I recently spotted some nest protective covers at Otamure Bay, in Northland, for nesting Northern New Zealand dotterel tūturiwhatu (Charadrius obscurus aquilonius). I have written about nest covers for shorebirds in the past, but I thought it would be good to do a new post with alternative designs to the ones I have personally used in the past.
I spent a few days camping at the Department of Conservation (DOC) campground, which by the way is excellent - like most of DOC's accommodation in NZ.
On my second walk by the beach I spotted a dotterel nest with one egg, probably laid overnight as I did not see it on the previous evening. After chatting to the campsite staff about it, the nest was quickly roped-off an a cover was installed to protect the nest - mainly from avian predators. The adult bird guarding the nest at that time (likely the female) rapidly "accepted" the human-driven modification and after a couple of minutes went back to it, happy as. This is a behavior I have previously witnessed in other locations for this very same species.
One of the covers I saw was made of four wood stakes with a plastic box on top. I like the idea of having a box since it seemed to provide a lot of shade in the hottest hours of the day, when the eggs (and in extreme cases the adults) may be exposed to overheating. At the same time, some plastics do degrade quickly under strong sunlight, which raises doubts about its durability. It seemed to be doing a good job though and the bird was obviously OK with it.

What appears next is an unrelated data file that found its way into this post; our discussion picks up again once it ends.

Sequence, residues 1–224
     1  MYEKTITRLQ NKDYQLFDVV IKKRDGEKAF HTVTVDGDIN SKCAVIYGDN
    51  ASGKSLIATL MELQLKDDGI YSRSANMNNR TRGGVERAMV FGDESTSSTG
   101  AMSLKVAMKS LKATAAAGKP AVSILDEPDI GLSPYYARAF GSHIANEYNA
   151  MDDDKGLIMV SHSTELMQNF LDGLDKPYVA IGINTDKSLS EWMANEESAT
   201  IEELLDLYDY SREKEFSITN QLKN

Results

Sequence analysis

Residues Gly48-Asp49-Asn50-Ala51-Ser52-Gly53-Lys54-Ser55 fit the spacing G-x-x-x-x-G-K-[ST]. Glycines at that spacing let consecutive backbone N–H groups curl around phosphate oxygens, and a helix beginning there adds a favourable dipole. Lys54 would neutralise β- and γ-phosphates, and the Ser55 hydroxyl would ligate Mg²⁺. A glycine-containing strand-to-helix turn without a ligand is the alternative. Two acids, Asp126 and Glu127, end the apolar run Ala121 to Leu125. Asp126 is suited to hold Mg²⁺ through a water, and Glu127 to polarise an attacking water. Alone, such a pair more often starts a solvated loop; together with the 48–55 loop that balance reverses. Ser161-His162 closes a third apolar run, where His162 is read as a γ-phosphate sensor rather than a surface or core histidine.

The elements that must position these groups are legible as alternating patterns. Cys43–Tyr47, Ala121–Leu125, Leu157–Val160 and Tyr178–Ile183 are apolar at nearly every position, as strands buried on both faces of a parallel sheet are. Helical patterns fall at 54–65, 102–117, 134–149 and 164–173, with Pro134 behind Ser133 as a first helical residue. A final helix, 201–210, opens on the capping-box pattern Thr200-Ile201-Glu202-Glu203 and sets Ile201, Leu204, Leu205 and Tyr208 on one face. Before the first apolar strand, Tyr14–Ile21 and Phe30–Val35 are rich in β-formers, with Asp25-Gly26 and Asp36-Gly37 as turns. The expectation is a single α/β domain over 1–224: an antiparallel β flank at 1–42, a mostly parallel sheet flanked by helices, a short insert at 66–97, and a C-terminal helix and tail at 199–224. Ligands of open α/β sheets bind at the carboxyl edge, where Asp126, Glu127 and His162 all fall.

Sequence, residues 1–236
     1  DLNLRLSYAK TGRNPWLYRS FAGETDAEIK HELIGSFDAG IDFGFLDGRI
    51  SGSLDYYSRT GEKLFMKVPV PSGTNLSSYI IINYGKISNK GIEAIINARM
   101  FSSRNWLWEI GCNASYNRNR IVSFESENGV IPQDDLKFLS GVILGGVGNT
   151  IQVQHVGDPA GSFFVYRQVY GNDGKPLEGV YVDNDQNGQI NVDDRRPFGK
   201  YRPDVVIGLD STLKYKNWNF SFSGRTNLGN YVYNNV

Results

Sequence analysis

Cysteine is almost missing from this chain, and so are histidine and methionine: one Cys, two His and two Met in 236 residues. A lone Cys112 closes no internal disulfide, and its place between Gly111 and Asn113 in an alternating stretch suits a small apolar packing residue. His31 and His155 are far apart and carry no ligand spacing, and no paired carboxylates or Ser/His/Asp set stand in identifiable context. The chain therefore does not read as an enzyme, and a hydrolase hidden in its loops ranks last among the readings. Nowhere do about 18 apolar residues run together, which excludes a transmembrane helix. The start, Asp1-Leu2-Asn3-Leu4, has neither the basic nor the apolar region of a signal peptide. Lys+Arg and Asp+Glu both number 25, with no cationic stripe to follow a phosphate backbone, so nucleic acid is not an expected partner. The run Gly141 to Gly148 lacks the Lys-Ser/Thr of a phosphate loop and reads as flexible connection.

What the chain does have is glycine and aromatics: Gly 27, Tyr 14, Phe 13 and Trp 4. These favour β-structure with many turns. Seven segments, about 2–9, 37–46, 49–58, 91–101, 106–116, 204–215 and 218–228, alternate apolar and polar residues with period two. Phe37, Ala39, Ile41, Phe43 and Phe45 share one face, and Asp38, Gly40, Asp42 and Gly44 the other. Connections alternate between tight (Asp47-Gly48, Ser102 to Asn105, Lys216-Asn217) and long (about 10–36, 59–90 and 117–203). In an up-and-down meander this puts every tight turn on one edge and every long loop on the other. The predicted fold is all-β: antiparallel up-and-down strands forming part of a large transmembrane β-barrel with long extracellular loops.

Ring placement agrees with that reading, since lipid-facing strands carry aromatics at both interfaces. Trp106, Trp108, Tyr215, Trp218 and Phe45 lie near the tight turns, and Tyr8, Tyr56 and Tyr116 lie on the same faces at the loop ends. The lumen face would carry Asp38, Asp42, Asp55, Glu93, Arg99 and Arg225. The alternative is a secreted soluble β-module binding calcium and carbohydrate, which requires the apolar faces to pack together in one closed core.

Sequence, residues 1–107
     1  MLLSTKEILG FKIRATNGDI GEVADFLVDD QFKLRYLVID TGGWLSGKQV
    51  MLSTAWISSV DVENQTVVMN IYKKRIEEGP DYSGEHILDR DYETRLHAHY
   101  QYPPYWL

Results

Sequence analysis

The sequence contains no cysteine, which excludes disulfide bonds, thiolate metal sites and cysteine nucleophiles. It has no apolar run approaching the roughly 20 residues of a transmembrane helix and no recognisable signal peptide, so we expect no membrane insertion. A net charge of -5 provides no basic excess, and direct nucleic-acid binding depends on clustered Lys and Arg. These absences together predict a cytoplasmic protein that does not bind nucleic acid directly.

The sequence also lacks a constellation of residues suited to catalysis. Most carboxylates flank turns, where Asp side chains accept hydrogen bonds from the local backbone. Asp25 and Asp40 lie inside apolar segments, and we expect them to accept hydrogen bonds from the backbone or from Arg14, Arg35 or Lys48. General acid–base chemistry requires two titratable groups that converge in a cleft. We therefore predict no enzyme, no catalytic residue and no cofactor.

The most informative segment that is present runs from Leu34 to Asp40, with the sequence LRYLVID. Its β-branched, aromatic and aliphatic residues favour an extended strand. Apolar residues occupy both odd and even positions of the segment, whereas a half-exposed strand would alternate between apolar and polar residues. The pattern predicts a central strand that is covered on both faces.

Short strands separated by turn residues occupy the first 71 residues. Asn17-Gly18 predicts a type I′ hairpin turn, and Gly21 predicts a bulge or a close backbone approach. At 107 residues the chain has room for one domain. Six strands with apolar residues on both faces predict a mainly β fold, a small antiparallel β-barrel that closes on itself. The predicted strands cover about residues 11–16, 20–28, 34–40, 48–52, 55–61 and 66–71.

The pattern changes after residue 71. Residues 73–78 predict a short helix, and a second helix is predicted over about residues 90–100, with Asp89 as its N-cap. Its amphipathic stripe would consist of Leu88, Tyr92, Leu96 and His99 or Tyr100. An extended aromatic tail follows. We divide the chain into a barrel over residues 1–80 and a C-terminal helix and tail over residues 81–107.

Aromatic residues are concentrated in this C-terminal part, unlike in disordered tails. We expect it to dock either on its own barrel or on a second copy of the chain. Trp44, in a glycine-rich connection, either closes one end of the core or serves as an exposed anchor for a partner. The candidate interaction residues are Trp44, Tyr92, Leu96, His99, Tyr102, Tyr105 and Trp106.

The other cover I saw was a metal frame with a plastic mesh attached on top. The frame looked very robust and durable so did the mesh. Usually this kind of mesh is seen in gardens and even in construction sites, which makes me think it must be quite strong and durable.
The nests were both in the same area and there was plenty of signs and information for the public. Like much of the New Zealand coast, Northland sees an increase of visitors during the summer months. It is important to give these nesting birds a helping hand since human-driven disturbance is known to drastically decrease their breeding productivity.
Thanks to the Otamure Bay campsite staff for the great work they do. I hope they get to fledge some chicks this season!